Discover Lava before it was Lava. The Shoshone and Bannock people called this area Poha-Ba, or “Land of Healing Waters.” Learn about their beliefs, experiences, and way of life — in their own words — at the permanent Poha-Ba exhibit at the South Bannock County Historical Museum. You’ll also discover the history behind the improved hot springs, read about trappers and traders, and learn about early white settlement here.

Visit a ghost town. Nearby Chesterfield, situated along the Oregon Trail, was an important early town for the Church of Jesus Christ of Latter-Day Saints. From the 1880s to the 1930s, Chesterfield was home to immigrants from overseas and U.S. settlers who were searching for a better life. Unfortunately, ease was hard to come by — drought, missed opportunities, and financial crises bedeviled Chesterfield and the town’s population dwindled to next to nothing. The town site is still wonderfully preserved, though, and features original buildings. During the summer, volunteers lead tours and recant the history of the site. Chesterfield is less than 45 minutes away from Lava and makes an ideal day trip.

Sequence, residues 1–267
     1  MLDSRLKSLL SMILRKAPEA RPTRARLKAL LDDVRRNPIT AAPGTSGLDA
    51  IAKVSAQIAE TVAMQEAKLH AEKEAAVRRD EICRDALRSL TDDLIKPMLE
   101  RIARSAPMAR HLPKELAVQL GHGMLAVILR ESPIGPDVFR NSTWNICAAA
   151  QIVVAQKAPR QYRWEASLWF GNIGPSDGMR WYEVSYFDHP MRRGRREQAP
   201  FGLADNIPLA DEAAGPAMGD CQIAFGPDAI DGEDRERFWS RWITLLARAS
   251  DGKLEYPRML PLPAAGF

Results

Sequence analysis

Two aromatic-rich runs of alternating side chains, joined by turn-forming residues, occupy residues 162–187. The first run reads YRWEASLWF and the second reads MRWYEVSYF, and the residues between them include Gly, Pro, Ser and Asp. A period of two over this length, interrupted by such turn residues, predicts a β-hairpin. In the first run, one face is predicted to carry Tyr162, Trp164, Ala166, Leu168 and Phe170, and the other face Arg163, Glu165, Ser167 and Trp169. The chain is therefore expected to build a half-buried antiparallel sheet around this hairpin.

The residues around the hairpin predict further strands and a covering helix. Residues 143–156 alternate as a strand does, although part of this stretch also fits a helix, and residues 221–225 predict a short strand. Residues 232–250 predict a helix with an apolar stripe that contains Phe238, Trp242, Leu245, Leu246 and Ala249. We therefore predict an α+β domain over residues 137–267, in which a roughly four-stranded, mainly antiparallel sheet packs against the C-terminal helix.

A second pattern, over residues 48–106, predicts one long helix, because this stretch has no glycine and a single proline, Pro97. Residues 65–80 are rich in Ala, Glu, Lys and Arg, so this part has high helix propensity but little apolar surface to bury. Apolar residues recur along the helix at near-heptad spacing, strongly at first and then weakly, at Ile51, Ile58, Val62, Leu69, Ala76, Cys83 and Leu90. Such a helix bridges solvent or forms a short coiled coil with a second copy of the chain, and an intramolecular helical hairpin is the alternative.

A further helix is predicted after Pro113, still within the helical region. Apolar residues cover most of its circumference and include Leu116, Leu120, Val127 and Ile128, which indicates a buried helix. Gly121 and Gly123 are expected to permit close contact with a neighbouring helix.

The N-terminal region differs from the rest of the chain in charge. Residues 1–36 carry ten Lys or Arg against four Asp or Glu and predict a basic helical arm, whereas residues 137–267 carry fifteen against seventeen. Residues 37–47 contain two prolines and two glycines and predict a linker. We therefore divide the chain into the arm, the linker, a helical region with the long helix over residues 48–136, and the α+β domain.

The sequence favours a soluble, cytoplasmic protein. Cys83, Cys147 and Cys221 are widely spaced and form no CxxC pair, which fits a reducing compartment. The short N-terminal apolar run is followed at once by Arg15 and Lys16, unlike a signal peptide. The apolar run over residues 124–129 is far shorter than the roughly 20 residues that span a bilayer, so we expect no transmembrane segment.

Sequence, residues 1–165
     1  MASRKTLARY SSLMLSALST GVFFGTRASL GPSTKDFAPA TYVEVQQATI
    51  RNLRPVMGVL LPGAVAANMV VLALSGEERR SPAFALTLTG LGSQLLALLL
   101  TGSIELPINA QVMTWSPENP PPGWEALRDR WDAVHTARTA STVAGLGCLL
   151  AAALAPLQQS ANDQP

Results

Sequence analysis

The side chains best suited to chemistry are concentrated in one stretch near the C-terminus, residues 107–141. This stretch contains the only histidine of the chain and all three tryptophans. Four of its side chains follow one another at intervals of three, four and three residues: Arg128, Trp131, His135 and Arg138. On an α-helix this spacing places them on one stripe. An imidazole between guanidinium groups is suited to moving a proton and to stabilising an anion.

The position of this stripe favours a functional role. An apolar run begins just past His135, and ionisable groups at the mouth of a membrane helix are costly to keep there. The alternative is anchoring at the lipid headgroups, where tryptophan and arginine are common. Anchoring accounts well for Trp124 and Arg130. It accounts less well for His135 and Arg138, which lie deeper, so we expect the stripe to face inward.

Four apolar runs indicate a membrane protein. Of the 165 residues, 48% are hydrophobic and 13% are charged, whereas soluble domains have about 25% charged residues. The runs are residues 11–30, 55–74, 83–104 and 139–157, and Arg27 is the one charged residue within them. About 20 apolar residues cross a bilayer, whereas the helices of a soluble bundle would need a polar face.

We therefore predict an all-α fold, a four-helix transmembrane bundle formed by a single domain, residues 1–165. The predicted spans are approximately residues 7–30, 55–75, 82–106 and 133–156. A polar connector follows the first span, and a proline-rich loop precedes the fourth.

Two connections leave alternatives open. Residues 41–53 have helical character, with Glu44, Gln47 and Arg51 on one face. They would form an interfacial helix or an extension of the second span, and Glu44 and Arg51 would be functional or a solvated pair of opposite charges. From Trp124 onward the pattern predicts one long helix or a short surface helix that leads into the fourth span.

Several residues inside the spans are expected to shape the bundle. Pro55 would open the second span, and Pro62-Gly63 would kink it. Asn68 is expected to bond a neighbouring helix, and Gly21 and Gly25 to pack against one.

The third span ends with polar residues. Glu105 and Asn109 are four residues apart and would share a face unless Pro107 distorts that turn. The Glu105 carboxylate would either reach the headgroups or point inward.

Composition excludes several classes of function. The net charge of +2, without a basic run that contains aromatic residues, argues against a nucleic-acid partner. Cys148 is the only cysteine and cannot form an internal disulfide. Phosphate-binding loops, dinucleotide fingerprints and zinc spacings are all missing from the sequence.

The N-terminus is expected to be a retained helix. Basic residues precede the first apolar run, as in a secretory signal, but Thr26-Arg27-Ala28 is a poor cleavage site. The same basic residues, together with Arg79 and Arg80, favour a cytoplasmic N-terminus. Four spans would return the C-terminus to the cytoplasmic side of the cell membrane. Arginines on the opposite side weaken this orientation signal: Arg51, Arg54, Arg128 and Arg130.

Baker Ranch Wagon Rides in Lava Hot Springs Idaho

Travel like an emigrant. 
The celebrated Oregon and California trails wound their way beside the Portneuf River in the 19th century. You can get a taste of what it was like to make the arduous journey West (minus the deprivation) through Baker Ranch Scenic Wagon Rides. You’ll enjoy a trip, powered by draft horses, to Baker Ranch’s hideaway along Dempsey Creek. Tuck into a leisurely meal, stock up on some fresh raspberry jam, and learn a bit more about the rich history of the Lava area.

Where to stay: What better place to rest after a day of exploring than a Conestoga Wagon, just like the folks who traveled the Oregon Trail used? Check out the wagon camping options at Downata Hot Springs to book yours. RVers and folks who want a tent camping experience will love Crystal Springs Campground.


Rope Bridge at Lava Zipline in Lava Hot Springs Idaho

The Adventure Seeker

For some of us, camping isn’t complete without a few hair-raising experiences. Here’s how to combine your leisure time with some heart-pounding fun.


Diving Towers in Lava Hot Springs Idaho
Photo credit: Idaho Tourism

Face your fears on the diving platform. Ever watched the Olympics and wondered how you’d do during the platform diving competition? This is your chance to find out! The Lava Hot Springs Platform Diving Tower features three levels — 5 meters, 7 meters, and 10 meters — to test your skills (and your stamina). FYI: Kids under 18 must sign a waiver before climbing the ladder to the top.